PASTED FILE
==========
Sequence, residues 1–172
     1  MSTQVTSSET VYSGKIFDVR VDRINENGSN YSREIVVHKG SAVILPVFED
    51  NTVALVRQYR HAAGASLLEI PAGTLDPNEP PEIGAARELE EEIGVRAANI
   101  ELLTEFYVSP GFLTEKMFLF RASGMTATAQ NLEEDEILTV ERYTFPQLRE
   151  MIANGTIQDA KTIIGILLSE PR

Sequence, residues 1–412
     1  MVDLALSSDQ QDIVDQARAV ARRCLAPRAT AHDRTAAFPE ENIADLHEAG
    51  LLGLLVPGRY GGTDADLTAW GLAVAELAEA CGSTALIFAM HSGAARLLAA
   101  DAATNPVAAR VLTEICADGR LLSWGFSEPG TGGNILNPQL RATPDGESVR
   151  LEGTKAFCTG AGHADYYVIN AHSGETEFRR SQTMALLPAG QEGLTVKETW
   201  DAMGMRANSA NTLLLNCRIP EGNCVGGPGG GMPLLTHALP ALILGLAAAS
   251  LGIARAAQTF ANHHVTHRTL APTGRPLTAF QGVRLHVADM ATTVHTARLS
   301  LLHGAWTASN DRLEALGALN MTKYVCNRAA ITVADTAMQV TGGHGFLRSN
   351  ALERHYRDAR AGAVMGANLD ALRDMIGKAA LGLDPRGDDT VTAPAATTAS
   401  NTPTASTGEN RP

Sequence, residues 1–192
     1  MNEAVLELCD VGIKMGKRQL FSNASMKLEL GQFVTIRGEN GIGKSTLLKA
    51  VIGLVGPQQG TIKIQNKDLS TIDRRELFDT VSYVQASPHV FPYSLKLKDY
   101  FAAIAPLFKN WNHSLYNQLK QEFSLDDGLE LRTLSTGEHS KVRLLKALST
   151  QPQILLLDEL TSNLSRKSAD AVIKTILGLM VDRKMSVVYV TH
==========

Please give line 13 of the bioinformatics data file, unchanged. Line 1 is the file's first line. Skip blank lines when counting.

   301  LLHGAWTASN DRLEALGALN MTKYVCNRAA ITVADTAMQV TGGHGFLRSN